Regarding real estate equity crowdfunding in particular, we have already highlighted above the great growth in terms of funding compared to the first half of 2020: $21.5 million vs. $13 million (€18.2 million vs. €11 million). This increase is due both to the growth in the number of real estate transactions financed (12 vs. 9), and to the average ticket, which, if in the first 6 months of 2020 had been $1.4 million (€1.2 million), in the equivalent period this year exceeded $1.8 million (€1.5 million).
The platform that contributed most to the growth was industry leader Walliance with $15.4 million (€13 million) raised (vs. $6.7 million (€5.7 million)in the first half of 2020) and 6 projects funded. Concrete Investing, which had raised $5.3 million (€4.5 million) in 2020 with 2 projects, also funded two projects but with a reduced collection to $3.3 million (€2.8 million). Finally, it should be noted that the other 3 platforms that had proposed and financed real estate projects in 2020 were confirmed again this year, all increasing their respective fundraising: BackToWork with a $1.4 million (€1.2 million) project, CrowdFundMe, with 2 projects for $897,000 (€758,000) and Build Around with a project for $592,000 (€500,000).
It would seem that this year Italian equity crowdfunding is starting to enter a phase of maturity. The numbers highlighted show a general increase in the “quality” of the offer which, in turn, attracts investors who tend to be more sophisticated than in the past and therefore able to invest more and in a more conscious way, probably also diversifying their investments. The other side of the coin is that companies (and platforms) proposing themselves for collection are “clashing” with numerous offers, all of an increasingly high level and, therefore, it is increasingly important not only to present oneself in a convincing way but also to ask oneself whether it is the right moment to do so.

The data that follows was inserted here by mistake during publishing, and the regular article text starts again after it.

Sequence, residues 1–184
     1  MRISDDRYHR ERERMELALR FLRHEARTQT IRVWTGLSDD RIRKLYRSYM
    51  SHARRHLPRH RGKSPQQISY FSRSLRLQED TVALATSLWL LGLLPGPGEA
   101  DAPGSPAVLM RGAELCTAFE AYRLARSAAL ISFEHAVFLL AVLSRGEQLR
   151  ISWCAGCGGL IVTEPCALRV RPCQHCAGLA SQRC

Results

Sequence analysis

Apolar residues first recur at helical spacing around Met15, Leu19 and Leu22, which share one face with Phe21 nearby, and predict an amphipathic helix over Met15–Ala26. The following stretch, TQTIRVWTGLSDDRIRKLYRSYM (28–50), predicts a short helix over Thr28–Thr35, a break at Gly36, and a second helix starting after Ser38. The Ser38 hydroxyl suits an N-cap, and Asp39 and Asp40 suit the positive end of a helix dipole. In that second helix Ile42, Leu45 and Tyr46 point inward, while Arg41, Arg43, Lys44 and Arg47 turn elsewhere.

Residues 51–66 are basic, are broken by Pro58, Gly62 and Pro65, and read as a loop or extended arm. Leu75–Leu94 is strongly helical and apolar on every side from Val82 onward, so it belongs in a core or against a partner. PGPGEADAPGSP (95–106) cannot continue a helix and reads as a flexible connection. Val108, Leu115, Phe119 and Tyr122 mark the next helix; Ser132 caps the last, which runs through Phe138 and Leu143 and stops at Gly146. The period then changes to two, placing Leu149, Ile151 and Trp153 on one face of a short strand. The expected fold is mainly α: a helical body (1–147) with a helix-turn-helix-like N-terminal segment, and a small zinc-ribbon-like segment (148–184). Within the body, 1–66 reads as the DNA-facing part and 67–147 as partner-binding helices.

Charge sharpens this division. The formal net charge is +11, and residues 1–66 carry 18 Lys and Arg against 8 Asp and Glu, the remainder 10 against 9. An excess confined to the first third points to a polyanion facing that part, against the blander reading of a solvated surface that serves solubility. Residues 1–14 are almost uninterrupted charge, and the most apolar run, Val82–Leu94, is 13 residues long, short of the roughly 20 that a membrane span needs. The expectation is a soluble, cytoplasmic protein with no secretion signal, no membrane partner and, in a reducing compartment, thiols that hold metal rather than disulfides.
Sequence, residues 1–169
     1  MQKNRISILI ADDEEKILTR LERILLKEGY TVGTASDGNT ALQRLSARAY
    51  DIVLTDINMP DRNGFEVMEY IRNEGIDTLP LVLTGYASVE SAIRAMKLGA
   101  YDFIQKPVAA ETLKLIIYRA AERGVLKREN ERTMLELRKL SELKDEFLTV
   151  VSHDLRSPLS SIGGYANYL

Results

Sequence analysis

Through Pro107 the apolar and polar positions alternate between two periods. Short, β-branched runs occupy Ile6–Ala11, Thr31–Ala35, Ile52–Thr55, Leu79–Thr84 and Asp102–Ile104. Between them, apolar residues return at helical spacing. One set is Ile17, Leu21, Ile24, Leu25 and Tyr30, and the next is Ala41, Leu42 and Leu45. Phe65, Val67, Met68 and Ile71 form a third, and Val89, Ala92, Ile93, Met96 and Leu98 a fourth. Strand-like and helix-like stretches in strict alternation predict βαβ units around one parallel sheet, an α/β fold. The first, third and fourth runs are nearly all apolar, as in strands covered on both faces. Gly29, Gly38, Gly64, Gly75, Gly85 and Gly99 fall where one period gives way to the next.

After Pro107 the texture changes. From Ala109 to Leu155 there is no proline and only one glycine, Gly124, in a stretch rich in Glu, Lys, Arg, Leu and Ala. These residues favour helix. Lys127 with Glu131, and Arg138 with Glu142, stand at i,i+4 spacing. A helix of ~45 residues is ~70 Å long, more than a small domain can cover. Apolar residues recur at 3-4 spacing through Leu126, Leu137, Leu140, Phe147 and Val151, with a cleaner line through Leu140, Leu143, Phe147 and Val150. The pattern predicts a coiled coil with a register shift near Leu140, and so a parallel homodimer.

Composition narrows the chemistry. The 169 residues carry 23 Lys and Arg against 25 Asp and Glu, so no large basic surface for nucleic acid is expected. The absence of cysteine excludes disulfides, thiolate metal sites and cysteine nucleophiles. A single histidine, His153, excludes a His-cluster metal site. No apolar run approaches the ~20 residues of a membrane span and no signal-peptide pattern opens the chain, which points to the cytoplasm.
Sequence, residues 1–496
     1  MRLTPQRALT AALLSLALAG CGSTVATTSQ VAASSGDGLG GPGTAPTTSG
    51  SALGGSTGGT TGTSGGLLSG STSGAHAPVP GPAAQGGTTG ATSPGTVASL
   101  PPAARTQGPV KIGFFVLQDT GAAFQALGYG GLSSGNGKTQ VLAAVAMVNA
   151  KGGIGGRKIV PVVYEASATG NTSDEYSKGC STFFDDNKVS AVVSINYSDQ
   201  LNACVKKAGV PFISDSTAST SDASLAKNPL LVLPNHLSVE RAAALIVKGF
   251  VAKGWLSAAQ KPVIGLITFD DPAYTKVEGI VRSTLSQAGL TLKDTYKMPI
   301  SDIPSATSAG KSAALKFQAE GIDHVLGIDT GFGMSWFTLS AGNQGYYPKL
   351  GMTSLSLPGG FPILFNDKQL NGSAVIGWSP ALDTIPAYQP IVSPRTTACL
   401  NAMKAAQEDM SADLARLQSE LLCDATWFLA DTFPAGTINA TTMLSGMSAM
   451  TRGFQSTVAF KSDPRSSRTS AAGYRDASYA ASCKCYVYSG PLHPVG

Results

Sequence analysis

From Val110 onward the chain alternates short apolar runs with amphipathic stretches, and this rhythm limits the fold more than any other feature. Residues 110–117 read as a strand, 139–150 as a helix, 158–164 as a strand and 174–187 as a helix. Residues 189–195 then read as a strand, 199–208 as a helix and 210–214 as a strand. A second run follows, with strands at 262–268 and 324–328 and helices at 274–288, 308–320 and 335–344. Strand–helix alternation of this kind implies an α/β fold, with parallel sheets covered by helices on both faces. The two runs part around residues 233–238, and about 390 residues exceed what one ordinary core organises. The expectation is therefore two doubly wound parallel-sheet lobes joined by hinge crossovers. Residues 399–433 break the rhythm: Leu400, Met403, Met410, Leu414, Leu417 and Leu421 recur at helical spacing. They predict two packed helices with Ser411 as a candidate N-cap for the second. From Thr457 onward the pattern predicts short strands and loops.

Despite the number of new platforms that have entered the market between last year and this year, we are seeing a certain concentration of collection, especially by platforms that have already been in the market for some time. But we also observe two other, seemingly opposing trends:
The “historic” platforms are increasingly expanding their offerings, now covering all asset classes (companies, vehicles, real estate). This is in fact the case of Crowdfundme, Mamacrowd, Backtowork, and Opstart and, in part, of WeAreStarting.
Although not as marked as the trend underlined above, it seems that the most recent platforms manage to propose themselves with some success only by specializing in more vertical segments Finally, it should be noted that real estate crowdfunding continues its unstoppable growth, involving generalist platforms as well, but mostly leveraging existing vertical platforms.
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First published in Crowdfunding buzz, a third-party contributor translated and adapted the article from the original. In case of discrepancy, the original will prevail.